July 26, 2019, 11:39 am
Jrue Holiday has been one of my favorite players from the get-go, and the day the Pelicans acquired him is still fresh in my memory. We had a draft party for Bourbon Street Shots that day. I had no idea what I was doing as an analyst yet, but I was a pretty good parrot of people who were good ones. So when it was announced that New Orleans was trading for him, I was amped, but I had no idea what kind of value would be sent out. I waited for the smart people to talk online, and the consensus that I remember was that Dell gave up too much; that Jrue was a very good player but not of the caliber that you should exchange two firsts for.
Years later, a similar discussion emerged: was Jrue Holiday worth a big, multi-year deal in the neighborhood of $25 million per year? The same speculation asked whether it was worth it to pay a point guard that kind of money. And roughly 10-15 games into the subsequent season, I think it would’ve been a fair question to ask if he was worth the MLE.
It was a brief, but ugly part of his career where Jrue was simply not playing well. But he turned it around to have the best year of his career, and showed the NBA who he was as he dismantled Damian Lillard and the Trail Blazers. If you asked anyone who has watched Jrue over the last two years, they wouldn’t hesitate to say he is worth his contract.
Today, a different sort of expectation is emerging, and it is coming from David Griffin. In one of the bazillion interviews he has given this offseason (which I love), Griffin put MVP consideration on the table for Jrue. At first glance, this seems like a stretch, honestly, and Griffin recognized that when he said no one expected Steve Nash to make an MVP leap in Phoenix either. So the question remains: what would Jrue Holiday have to do in order to become an MVP level player?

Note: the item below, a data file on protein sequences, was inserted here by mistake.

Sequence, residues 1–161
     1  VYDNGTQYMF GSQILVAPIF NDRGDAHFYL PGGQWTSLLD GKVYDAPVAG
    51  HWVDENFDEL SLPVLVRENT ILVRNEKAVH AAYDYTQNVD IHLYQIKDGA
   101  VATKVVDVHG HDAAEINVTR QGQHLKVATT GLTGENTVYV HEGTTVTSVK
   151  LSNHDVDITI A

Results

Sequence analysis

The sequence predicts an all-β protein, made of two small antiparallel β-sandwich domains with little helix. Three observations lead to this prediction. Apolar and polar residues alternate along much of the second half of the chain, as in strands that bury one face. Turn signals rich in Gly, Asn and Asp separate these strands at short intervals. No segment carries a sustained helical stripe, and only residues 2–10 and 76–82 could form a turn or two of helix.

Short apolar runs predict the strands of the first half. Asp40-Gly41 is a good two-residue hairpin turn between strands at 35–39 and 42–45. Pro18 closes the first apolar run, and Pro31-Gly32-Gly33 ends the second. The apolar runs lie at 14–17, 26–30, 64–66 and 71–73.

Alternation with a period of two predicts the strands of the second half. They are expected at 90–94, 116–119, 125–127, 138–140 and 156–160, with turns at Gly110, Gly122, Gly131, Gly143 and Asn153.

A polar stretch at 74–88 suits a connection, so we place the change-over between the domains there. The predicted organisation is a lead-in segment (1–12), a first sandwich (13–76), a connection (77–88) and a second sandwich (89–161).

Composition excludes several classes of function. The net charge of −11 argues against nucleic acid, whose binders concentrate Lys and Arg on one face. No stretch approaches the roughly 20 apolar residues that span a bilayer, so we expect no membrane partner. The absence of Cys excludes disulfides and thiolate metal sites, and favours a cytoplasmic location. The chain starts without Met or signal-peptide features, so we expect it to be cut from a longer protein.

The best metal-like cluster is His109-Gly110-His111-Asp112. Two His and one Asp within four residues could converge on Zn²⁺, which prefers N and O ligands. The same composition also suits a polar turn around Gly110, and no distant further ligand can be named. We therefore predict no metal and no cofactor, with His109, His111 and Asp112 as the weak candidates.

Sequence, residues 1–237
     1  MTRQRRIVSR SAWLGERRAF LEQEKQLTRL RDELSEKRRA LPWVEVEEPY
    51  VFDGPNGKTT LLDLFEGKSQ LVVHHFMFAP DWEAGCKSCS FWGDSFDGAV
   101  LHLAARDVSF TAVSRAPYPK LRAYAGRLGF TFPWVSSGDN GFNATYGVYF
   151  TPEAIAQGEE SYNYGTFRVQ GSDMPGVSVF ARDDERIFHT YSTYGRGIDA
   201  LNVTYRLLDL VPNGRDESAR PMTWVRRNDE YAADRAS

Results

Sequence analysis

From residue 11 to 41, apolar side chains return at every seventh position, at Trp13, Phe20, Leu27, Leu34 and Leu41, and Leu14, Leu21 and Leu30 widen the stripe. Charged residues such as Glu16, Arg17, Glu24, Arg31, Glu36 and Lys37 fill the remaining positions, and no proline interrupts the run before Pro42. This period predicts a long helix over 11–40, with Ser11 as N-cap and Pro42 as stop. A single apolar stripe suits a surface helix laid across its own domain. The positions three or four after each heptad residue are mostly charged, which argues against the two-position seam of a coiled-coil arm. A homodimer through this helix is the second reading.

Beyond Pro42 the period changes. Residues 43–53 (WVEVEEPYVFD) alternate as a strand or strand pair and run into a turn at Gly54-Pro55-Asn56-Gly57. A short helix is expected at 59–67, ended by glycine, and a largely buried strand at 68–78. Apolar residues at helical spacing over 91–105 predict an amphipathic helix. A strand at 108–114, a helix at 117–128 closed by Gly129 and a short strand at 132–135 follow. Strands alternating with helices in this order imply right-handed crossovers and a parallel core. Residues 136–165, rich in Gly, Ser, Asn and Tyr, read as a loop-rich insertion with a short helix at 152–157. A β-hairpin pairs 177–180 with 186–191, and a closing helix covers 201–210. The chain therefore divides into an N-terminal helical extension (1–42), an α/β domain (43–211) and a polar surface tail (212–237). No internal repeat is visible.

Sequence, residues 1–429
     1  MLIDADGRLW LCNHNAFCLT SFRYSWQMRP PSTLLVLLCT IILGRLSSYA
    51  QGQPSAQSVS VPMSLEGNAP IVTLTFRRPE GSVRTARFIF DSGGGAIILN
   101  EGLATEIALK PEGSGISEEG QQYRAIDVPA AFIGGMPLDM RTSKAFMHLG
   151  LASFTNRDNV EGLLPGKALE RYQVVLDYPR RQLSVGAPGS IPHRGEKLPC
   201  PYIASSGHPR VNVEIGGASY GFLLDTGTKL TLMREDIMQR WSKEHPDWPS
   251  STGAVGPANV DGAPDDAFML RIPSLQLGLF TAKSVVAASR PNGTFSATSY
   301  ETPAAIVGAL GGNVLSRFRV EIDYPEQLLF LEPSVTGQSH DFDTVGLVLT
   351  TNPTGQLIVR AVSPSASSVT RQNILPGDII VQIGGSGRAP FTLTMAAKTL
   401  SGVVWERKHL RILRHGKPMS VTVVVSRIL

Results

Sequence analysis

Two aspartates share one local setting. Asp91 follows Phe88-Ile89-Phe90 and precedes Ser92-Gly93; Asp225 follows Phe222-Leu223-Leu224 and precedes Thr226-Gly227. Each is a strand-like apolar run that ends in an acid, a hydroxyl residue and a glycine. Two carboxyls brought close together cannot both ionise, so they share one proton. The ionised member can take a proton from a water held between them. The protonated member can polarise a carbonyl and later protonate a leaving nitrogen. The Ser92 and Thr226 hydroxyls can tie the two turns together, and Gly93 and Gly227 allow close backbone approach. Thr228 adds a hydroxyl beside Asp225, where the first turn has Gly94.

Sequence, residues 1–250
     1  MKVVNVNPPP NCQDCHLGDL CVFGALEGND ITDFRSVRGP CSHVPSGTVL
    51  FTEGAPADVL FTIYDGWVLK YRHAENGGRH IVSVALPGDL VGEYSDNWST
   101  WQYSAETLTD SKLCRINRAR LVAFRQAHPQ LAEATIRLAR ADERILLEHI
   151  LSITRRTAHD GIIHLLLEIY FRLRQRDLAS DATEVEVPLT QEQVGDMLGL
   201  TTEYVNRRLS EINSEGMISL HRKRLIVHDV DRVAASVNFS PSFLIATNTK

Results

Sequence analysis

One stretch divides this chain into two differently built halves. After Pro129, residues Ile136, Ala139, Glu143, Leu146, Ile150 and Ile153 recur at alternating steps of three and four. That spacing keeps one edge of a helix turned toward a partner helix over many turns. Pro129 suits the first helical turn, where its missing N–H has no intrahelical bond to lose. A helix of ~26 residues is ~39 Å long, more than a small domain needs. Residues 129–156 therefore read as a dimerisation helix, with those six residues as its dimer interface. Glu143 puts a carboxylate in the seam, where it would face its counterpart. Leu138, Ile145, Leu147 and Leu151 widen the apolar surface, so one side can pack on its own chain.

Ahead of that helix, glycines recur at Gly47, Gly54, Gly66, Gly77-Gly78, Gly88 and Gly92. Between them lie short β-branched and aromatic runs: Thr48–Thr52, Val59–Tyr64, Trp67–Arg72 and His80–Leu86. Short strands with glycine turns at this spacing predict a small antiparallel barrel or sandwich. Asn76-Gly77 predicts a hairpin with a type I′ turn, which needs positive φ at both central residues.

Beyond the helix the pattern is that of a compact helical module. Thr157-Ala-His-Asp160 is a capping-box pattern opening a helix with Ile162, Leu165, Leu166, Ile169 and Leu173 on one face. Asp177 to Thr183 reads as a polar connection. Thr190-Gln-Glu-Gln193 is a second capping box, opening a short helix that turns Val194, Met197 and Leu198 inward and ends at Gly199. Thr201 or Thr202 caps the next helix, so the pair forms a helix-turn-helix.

I think it’s most fruitful to start this discuss with who Jrue is as a defender, because that is undoubtedly an elite skill for him. Jrue has unreal core strength, which shows when mismatches take him into the post thinking that they can back him down. Holiday is able to hold his position, resulting in the players trying to back down harder, and he expertly times “pulling the chair” to make some really great players look stupid.
But it doesn’t stop there, as Jrue’s excellent agility and anticipation allow him to check extremely athletic guards, where he is able to defend in isolation and also to navigate the series of screens that are set to get him off of players. There’s a reason he has been 1st/2nd All-Defense the last two years. He is that good, and as good as almost any MVP candidate at defense.
A lot of Griffin’s argument is based on the idea that this was Anthony Davis’s team when he was here, and that Davis’s trade vacated the alpha role on this team. I would argue that this is correct, and that it was a weird role for Jrue to begin with, as Davis, despite being amazing, does not strike me as the emotional leader of a great team. Now that Davis is gone, the mantle of “leader” is Jrue’s to assume. So the role is there for Jrue to grow in, and because it is so clearly defined and publicly expressed, it’s really only a question of whether Jrue is ready. I think he is.